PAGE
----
The Bullish and Bearish Case for Chevron in 2014

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Chevron Corp. (NYSE: CVX) saw its shares gain about 18% in 2013, underperforming the Dow Jones Industrial Average’s rise of more than 26% and the S&P 500’s gain of almost 30%. The question now is what to expect in 2014. 24/7 Wall St. has generated a bullish and bearish scenario for Chevron and each other Dow stock for 2014.

For starters, there are many macroeconomic factors to consider when it comes to Chevron and the oil and gas markets. Most Wall Street strategists are forecasting higher price targets for the S&P 500 and the Dow, and the rising tide may only help to lift most stocks. The Federal Reserve is getting a new chairman, the Fed tapering is already being telegraphed and the new consensus seems to be that the expected rise in interest rates may simply not be enough to crush the economy.

The world markets are exiting their recessions at the same time that U.S. gross domestic product is expected to tick up. All of this is good for Chevron, and the recent move back to $100 oil will help the overall outlook from oil executives. The same issues will be true for rival Exxon Mobil Corp. (NYSE: XOM), and the big Warren Buffett stake in Exxon is one that also works to the favor of both oil and gas giants.

The outlook for Chevron remains positive. After closing out 2013 at almost $125, Chevron’s current dividend yield for 2014 of 3.2% handily outpaces that of Exxon’s 2.5% yield. It is also widely expected that both Chevron and Exxon Mobil will hike dividends in 2014 as well. Chevron’s consensus analyst price target is $132.33, and the 52-week trading range is $109.10 to $127.83.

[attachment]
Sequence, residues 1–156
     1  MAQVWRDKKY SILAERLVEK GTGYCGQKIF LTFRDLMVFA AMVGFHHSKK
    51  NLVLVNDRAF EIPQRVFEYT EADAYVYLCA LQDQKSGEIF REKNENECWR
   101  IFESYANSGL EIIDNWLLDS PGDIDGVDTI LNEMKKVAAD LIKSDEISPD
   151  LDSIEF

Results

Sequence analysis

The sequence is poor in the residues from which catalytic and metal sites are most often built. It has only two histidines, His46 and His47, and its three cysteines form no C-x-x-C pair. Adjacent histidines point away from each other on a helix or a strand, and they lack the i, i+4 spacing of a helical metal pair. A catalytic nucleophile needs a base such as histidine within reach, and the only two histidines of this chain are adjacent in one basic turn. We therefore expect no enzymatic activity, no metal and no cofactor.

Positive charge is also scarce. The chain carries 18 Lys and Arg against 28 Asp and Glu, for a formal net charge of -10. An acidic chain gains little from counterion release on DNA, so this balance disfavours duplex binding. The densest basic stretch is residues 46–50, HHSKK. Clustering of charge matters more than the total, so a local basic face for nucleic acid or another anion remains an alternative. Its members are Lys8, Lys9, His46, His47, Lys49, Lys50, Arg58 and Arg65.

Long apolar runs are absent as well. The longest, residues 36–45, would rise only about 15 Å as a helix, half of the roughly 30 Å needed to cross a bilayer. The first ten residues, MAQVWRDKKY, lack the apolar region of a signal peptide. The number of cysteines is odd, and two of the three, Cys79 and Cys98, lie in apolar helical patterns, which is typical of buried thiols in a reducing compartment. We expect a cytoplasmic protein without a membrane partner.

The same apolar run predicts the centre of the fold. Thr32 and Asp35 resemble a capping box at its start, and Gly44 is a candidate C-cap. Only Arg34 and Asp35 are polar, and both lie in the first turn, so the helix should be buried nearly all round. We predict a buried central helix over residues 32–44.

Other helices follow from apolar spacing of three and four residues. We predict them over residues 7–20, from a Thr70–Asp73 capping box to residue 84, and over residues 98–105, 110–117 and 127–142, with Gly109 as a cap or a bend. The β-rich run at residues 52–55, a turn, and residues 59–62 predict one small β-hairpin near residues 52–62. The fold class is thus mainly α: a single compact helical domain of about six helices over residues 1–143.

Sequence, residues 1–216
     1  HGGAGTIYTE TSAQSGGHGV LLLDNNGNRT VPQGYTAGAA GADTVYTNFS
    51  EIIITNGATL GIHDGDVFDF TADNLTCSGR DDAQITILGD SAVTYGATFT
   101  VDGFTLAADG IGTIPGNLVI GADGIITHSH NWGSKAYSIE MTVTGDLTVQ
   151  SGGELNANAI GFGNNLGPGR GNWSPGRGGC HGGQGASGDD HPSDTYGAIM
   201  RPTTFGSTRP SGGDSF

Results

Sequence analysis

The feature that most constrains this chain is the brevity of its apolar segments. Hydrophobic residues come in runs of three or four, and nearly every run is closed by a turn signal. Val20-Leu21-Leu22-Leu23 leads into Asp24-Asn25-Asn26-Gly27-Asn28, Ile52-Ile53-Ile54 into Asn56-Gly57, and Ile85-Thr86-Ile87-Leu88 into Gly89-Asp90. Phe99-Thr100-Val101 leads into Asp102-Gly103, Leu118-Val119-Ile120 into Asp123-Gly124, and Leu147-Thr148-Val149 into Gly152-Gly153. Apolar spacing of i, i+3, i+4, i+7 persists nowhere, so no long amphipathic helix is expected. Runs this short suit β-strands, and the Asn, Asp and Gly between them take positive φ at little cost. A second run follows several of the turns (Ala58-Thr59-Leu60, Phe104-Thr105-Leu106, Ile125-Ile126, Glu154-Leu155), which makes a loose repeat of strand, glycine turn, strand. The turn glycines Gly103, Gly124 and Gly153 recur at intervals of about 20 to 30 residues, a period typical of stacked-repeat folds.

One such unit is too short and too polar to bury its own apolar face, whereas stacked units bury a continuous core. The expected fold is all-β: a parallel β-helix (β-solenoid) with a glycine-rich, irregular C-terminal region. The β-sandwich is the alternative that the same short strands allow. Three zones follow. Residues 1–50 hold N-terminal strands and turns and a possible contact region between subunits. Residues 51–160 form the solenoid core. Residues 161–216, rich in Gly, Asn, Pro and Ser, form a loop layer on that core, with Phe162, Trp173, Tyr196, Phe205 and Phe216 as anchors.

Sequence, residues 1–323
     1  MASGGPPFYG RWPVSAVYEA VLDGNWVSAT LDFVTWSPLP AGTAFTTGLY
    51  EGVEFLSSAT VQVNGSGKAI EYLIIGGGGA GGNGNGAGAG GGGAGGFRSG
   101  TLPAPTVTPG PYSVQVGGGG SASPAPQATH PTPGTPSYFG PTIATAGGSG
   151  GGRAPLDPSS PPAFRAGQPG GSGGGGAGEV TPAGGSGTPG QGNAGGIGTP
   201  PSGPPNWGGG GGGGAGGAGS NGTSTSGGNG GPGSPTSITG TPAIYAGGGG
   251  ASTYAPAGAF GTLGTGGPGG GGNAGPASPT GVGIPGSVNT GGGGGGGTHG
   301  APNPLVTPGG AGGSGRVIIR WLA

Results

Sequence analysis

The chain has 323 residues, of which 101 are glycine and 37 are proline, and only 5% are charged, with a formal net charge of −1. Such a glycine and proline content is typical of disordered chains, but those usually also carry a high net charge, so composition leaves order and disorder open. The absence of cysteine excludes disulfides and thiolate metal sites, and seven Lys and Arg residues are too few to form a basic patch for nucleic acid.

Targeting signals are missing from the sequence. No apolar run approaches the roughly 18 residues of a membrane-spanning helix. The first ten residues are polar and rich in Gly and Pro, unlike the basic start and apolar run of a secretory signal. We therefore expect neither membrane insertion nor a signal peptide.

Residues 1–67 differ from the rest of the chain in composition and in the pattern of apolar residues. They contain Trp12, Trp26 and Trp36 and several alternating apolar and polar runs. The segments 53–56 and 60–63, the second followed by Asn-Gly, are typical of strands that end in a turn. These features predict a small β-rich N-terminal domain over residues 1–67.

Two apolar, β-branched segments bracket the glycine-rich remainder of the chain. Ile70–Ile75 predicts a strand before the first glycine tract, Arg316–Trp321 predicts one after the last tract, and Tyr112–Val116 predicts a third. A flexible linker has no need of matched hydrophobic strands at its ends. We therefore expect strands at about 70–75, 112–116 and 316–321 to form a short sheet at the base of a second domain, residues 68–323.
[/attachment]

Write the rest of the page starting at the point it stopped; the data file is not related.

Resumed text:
Chevron’s bullish case is one that revolves around the United States returning as the major energy producer. Oil and gas are hot markets now, and the opportunity to selectively make acquisitions is one that remains in place today. Chevron is also cheap against the market at 10 times expected 2014 earnings.

The bearish case against Chevron has limited revenue growth expected. Analysts believe that the contraction in revenue would be about 2% in 2013 and almost the same in 2014. This contraction may be heavily dependent on the price of oil, and there is always the potential that Iran could flood the markets with cheap oil ahead if it needs to raise more cash after embargoes are further lifted. International lawsuits could also continue to create charges, and of course there is the issue that alternative and renewable energy could threaten Big Oil’s profits out in the next decade.

All in all, Chevron’s prospects remain to the upside. Its stock is now considerably cheaper than rival Exxon Mobil’s forward earnings multiple of almost 12.5 times earnings. It seems that Buffett chose Exxon because of its size, but generally what is good for one oil giant is good for the other.